There isn’t a recipe for this, more like a method, a la Mark Bittman. For caramelised onions, I would go low and slow all the way, and add flavour bit by bit, like a touch of sugar, salt, dried herbs, pepper… But Bittman says to start on a medium-high heat so that the onions sizzle when they hit the pan.

There’s something about the burnt, literally bitter-sweet bits. These are so versatile – over pasta, rice, in a burger, or do like I did and use them to bulk up a salad. Next time I’ll burn those a touch more.

Caramelised onions are so yesterday. Burn ‘em!

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Korean Scallion Pancake and Bean Sprouts

I had a craving for Korean food today. I love the stuff, and not just their famous charcoal barbeque. I had a bunch of scallions (green onions) in the fridge so Pajeon (scallion pancake) seemed fitting. I’d say it’s sort of a cross between a crepe and an omelette.

To me, the best thing about Korean food is the banchan. Even if you only order a bowl of noodles, there will always be an abundance of it on the table. Banchan is like the Korean equivalent of tapas. There are plates and plates of goodies like the most famous one – kimchi – and others such as sweet potato, spinach, cucumbers and bean sprouts.

Kongnamul (I’m sure there are hundreds of different spellings for this) is one of the most quintessential banchan and is always used in bibimbap. It’s really just blanched bean sprouts which are then seasoned with sesame oil, a touch of soy sauce, finely chopped scallions, finely minced garlic and sesame seeds. Sometimes sugar is added too.

No recipe is needed because you adjust the seasoning according to taste. I chilled mine because I like it cold and crunchy. As the recipe for Pajeon suggests, I cooled it to room temperature and served it with the bean sprouts and a squidgen of Korean mayonnaise. Perfect for a simple summer lunch for one.

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Cold Pad Thai or Cold Tamarind Noodles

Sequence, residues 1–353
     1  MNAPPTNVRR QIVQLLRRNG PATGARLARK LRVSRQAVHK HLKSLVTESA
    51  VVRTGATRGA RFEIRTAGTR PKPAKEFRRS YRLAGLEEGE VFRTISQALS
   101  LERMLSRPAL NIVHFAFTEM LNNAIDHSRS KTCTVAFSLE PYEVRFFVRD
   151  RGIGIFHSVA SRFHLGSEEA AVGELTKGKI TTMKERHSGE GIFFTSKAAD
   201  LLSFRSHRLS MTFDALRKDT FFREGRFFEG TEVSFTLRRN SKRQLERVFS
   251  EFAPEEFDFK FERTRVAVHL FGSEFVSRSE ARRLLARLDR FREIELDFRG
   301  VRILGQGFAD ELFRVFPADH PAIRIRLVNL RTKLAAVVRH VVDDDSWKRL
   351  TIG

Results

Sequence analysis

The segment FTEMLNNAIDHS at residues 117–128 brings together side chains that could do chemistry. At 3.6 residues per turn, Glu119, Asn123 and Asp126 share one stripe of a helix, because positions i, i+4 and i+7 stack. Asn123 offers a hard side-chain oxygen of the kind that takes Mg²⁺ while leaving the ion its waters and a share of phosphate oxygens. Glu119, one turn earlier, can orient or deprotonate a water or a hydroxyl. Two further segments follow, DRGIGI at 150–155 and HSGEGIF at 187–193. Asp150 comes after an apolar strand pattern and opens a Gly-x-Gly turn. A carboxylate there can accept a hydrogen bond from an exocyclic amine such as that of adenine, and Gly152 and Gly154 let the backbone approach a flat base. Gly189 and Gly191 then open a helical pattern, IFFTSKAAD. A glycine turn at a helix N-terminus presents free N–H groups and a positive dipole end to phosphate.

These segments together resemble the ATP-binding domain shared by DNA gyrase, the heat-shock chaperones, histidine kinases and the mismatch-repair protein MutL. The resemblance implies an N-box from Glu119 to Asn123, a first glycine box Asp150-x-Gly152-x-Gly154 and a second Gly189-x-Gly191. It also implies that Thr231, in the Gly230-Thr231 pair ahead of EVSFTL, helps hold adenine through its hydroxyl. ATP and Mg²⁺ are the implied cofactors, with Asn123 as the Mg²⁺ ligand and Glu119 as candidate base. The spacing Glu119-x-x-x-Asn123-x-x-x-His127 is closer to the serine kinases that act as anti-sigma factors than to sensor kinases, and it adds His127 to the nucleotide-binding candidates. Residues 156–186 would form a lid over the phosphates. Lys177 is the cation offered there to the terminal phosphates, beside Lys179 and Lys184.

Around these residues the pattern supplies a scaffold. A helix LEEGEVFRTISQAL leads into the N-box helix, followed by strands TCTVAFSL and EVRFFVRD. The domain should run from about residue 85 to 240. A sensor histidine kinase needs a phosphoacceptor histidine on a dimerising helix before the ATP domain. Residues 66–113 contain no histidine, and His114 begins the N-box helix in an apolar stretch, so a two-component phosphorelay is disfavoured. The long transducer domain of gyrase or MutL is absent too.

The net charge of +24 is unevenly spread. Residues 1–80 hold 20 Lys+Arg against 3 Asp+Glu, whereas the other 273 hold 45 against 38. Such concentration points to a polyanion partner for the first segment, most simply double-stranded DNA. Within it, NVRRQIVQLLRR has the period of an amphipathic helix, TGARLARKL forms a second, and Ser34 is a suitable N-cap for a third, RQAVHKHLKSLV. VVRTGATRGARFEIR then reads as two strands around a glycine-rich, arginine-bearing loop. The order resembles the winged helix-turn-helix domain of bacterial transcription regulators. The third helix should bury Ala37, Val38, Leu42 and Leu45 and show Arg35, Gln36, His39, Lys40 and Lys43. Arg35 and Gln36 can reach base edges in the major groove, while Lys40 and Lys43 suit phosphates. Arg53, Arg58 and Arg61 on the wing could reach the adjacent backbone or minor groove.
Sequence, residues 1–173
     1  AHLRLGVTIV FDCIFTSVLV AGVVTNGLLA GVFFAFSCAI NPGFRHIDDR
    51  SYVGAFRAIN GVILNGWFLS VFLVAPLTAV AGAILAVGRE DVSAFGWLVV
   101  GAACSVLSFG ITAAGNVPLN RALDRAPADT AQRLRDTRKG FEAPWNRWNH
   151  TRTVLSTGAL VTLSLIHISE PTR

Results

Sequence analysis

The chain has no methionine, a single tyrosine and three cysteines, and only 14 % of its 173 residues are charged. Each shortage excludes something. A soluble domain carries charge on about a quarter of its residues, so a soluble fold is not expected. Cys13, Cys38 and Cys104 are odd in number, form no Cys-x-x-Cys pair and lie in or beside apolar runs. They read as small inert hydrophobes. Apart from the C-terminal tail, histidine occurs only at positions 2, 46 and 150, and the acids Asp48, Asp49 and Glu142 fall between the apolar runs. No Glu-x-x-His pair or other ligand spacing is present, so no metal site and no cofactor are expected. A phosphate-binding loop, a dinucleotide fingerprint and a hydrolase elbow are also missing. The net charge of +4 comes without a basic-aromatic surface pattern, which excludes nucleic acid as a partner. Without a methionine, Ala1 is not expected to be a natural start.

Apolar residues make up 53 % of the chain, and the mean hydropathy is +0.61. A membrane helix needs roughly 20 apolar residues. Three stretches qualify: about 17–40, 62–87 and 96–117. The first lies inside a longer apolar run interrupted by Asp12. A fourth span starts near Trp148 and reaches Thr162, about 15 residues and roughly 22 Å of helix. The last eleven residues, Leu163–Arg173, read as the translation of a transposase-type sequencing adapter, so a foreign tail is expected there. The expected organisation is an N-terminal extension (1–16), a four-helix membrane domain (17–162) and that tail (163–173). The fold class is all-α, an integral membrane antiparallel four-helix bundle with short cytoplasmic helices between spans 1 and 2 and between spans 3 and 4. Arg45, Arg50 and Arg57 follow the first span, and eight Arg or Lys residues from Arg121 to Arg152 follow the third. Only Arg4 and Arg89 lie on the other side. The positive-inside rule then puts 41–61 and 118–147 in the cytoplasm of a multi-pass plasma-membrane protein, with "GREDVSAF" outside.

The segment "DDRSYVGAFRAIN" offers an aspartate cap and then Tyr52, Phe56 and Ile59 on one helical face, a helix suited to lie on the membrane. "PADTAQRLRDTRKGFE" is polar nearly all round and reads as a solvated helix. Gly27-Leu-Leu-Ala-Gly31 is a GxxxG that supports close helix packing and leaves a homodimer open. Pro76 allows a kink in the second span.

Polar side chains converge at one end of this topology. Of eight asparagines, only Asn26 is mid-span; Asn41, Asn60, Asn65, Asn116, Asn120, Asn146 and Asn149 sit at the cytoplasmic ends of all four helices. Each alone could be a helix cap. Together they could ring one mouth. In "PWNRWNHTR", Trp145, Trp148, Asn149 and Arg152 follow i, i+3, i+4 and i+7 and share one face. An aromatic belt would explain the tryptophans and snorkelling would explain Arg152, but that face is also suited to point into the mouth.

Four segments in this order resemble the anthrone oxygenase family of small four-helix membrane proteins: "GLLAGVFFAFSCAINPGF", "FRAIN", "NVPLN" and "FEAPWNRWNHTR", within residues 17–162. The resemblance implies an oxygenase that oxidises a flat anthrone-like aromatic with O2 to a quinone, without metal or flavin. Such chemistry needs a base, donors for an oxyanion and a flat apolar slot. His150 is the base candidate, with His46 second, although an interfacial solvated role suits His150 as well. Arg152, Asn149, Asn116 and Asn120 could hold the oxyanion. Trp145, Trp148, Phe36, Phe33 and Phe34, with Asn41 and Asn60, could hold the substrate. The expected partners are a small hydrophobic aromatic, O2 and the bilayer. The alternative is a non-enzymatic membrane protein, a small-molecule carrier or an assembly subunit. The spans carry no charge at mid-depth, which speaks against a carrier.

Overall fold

The residual heat of summer is still lingering here in Melbourne. Not that I’m languishing in the heat but today, the mercury hit 32ºC (90ºF) so I could only fathom having cold food. Considering last night’s dinner was ice cream, I opted for cold noodles.

Cold Pad Thai sounds very unglamorous. I should say this isn’t really Pad Thai. Since, “pad” means “fried”, I think it’s more appropriate to call this cold tamarind noodles. I made Pad Thai a few nights ago and had some sauce left over. It’s really just tamarind pulp, fish sauce and sugar.

Bean Sprouts, Cucumber and Cilantro

Here’s what else I used: rice noodles, lots of cilantro (coriander), bean sprouts and cucumber. I also topped the noodles with sliced of fried firm tofu, toasted peanuts and Thai dried chilli flakes. Did I mention there isn’t a drop of oil in this dish? Oh, and it’s vegetarian. Shoot, if I didn’t know better, I’d think I was being health conscious.

Not.

This is good enough to make again, and not just as a by-product of leftover Pad Thai sauce. It wasn’t a stroke of culinary genius but it was an adequate amount of deliciousness for me.

Now if only I had a green velvet cupcake for St. Patty’s Day.

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Avocado Toast

Avocados have been very expensive lately, which is why I jumped at the chance when I saw them going for $1.72 each at my local market. Come to think of it, it doesn’t seem like such a steal as I’m writing this. But hey, compared to $3 or $4, I consider my buy a decent one. I know, I need validation once in a while.

I love, love, love avocado on some good bread, with just a little salt and pepper, and drizzled with lemon juice. I’m a firm believer in buying the best you can afford. If the ingredients are good, they really need little adornment.